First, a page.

Sydney House, No 29 Sydney Buildings

No 29 as it is today

William Harry Earl of Darlington leased the plot in 1829 to Jacob Racker and Thomas Lamborn (both described as masons) for a perpetual yearly rent charge of £2 3s 6d. Racker may already have been building a house on the plot; in any case he was obliged to complete one, to the satisfaction of William Harry’s architect, by 28th March 1830.

A list of 27 legal documents is given as evidence of William Harry’s right to dispose of the plot. They date back to 1735 and most are indentures of lease and release involving members of the Pulteney family.

Racker borrowed £300 from the Rev. James Anthony Savage of Bath. Apparently the loan was secured against use of the house Racker was building for 500 years. It was repayable after six months, i.e. at the end of the period allowed to complete the house.

In 1830 Racker borrowed a further £100 from Savage on the same security.

In 1832 Racker bequeathed to his wife Sarah an annuity of £40 for as long as she remained a widow. He and his wife were living at that time at Sydney Lodge, now No 39, one of six properties he owned in Sydney Buildings. The other five, today’s No 29 (Sydney House) and Nos 35 to 38 inclusive, were left in trust to four of Racker’s friends: Thomas Lamborn (surveyor), Isaac Sumsion (quarryman), Charles Robinson (lime burner) and George Gooding (collar and harness maker). They were to pay his wife’s annuity and smaller bequests of the same sort from income from these properties. They were given the power to sell any of the properties except No 39.

Just five weeks later in 1832 Jacob Racker died.


Henry Singer of Bath (butcher) paid £400 in 1837 to take over James Anthony Savage’s mortgage on Sydney House. Between 1841 and 1849 three of Racker’s trustees died, leaving only George Gooding.

1859: Judgement in Chancery in Sarah Racker’s action against George , apparently because Sarah had not been receiving her £40 annuity and wanted property sold so that it could be paid. The judgement, dated 1860 , clarified outstanding debts incurred by Jacob Racker. Henry Singer was owed £418 12s. 8. in principal, interest and costs to redeem his mortgage on Sydney House. Sarah Racker was entitled to go on living at Sydney Lodge.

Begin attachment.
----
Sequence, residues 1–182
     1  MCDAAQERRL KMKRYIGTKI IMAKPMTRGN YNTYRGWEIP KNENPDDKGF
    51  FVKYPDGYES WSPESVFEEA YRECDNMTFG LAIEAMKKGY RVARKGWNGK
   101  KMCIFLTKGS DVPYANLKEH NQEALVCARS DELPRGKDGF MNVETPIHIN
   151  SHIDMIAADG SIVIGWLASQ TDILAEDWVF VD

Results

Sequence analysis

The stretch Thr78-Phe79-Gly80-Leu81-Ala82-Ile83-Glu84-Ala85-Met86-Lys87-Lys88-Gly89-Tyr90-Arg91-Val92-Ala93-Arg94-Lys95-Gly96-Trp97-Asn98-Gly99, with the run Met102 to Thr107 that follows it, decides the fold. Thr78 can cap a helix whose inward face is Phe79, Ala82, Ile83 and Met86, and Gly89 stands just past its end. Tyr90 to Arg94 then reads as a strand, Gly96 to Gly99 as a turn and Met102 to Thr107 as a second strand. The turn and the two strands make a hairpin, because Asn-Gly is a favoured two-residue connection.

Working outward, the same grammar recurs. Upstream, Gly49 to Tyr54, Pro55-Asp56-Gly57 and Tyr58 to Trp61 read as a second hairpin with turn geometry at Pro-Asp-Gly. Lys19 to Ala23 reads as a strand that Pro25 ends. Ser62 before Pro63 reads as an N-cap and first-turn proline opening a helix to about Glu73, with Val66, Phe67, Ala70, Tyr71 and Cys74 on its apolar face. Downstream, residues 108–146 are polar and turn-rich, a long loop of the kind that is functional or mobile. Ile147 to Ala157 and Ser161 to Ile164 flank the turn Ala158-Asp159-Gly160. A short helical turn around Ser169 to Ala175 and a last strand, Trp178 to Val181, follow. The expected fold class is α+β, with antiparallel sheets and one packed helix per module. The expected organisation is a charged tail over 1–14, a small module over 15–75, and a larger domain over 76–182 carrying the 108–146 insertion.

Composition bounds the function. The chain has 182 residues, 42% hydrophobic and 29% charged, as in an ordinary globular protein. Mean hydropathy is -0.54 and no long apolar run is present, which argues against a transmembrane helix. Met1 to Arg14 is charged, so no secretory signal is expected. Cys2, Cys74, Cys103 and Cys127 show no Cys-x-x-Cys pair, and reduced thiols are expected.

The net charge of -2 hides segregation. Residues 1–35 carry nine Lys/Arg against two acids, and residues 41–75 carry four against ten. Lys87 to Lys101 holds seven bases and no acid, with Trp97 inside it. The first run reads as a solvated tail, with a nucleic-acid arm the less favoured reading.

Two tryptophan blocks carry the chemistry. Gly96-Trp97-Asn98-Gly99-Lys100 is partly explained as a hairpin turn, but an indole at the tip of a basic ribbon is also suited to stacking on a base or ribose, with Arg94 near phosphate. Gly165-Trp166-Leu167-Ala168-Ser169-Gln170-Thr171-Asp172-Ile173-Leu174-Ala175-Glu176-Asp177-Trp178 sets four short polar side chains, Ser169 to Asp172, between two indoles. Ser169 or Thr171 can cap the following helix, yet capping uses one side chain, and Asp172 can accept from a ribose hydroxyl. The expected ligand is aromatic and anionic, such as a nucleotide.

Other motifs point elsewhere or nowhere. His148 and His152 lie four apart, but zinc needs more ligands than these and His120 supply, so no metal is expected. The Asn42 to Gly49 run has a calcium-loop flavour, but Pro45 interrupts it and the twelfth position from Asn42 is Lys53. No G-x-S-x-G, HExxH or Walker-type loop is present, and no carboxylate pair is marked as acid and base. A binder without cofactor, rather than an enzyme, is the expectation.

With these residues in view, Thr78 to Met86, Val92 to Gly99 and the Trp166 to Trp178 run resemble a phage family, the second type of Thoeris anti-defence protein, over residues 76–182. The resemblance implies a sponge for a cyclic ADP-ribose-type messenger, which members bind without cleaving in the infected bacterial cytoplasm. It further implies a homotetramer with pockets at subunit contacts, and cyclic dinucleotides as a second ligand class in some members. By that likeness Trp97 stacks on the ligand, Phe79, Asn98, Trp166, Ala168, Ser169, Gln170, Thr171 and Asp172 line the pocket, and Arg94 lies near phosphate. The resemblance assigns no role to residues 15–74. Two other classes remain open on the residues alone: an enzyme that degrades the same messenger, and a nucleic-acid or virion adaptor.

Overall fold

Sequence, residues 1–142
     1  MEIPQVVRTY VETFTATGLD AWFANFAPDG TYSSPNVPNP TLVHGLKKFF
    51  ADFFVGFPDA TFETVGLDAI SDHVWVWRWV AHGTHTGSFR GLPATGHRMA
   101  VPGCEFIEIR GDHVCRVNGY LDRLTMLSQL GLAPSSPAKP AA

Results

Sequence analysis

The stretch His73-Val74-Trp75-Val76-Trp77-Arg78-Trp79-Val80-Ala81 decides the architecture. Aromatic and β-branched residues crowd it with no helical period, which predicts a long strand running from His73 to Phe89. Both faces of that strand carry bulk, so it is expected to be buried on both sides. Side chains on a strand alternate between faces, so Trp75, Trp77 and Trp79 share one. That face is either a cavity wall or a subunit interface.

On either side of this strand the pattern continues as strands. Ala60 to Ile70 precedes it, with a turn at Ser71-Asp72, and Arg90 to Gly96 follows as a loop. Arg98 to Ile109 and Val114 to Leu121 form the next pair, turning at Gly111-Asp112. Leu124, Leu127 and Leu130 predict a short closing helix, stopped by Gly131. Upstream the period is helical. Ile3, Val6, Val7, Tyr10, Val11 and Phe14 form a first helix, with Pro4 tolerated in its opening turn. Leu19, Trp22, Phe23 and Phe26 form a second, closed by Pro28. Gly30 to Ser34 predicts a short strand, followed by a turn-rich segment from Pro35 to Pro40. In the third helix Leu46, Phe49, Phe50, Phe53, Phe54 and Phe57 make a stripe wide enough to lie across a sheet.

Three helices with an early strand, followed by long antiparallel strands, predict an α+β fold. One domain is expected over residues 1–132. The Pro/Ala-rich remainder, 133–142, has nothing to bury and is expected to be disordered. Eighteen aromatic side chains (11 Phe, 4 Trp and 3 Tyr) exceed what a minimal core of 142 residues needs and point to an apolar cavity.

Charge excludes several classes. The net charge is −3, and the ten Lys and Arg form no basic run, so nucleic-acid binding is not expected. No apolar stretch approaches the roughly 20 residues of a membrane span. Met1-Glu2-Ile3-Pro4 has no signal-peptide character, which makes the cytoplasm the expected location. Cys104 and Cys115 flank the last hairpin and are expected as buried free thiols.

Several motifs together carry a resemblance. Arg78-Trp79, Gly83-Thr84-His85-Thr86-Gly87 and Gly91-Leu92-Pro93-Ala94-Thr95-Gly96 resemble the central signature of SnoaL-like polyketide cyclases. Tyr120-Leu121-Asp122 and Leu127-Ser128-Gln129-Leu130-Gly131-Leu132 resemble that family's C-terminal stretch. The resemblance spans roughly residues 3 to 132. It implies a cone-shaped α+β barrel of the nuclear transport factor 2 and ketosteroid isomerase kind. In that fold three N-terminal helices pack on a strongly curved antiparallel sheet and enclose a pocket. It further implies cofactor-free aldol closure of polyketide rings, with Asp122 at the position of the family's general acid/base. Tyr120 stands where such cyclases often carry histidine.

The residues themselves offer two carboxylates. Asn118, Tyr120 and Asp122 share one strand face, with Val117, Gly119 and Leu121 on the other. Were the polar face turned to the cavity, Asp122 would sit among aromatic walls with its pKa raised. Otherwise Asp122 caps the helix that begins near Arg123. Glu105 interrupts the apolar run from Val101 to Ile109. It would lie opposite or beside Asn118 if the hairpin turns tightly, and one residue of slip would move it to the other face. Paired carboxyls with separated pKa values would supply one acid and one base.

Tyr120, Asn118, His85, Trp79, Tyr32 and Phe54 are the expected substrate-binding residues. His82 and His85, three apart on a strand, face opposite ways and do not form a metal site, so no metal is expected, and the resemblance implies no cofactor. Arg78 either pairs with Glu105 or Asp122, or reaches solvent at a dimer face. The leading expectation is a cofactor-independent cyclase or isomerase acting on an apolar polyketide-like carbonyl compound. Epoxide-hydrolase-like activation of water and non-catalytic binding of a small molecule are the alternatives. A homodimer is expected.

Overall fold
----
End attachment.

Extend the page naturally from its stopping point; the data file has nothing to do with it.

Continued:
Benjamin Shepherd (tailor) paid £550 in 1860 into Court for the purchase of Sydney House, then tenanted by Henry Collisson and before him by Mrs. Frances Danger.

The 1860 auction notice for this house and the other 5 dwellings in the Racker estate can be viewed on the Sydney Lodge (No 39) page.

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Shepherd bequeathed Sydney House in 1861 to his daughter Elizabeth Ann, married since 1849 to John Skeate Brinkworth and with a nine-year-old son named Benjamin John Skeate Brinkworth after her father and her husband.

Both the boy’s parents died during 1864/1865. And in 1868 his maternal grandfather Benjamin Shepherd died.

B.J.S. Brinkworth, described as a British subject living at No 8 Yokohama in the Empire of Japan, appointed Daniel Horton (upholsterer) of 9 Northgate Street, in 1883, as his legal representative for the purpose of selling Sydney House. Represented by Daniel Horton, B.J.S. Brinkworth sold Sydney House in 1883 to Mrs. Rebecca Jordan of 33 Sydney Buildings, widow, for £655. The yearly rent charge of £2 3s. 6d. continued.

In 1897 William Mayo Jordon (only son and heir of Rebecca Jordan, who had died in November 1890) sold the property to Edith Henrietta Sophia Vernon for £750. Jordan’s address at the time was given as 9 Georges Road (presumably George St.), Bathwick Hill.

Francis Forrester, a latter-day member of the Pulteney family, and two trustees of the Pulteney Estate, sold rights in 1921 to the perpetual annual rent of £2 3s. 6d. to Edith Vernon for £55. In effect, the property became freehold.

In 1924 Edith Vernon’s executors – she had died earlier in the year – sold the property to Wallace Wyndham Harden of 39 Sydney Buildings for £1,100.

W.W.Harden sold it to the Great Western Railway Co. in 1942 for £1,494 10s.

Chris Morrissey

April 2010

Sydney Buildings History Group ©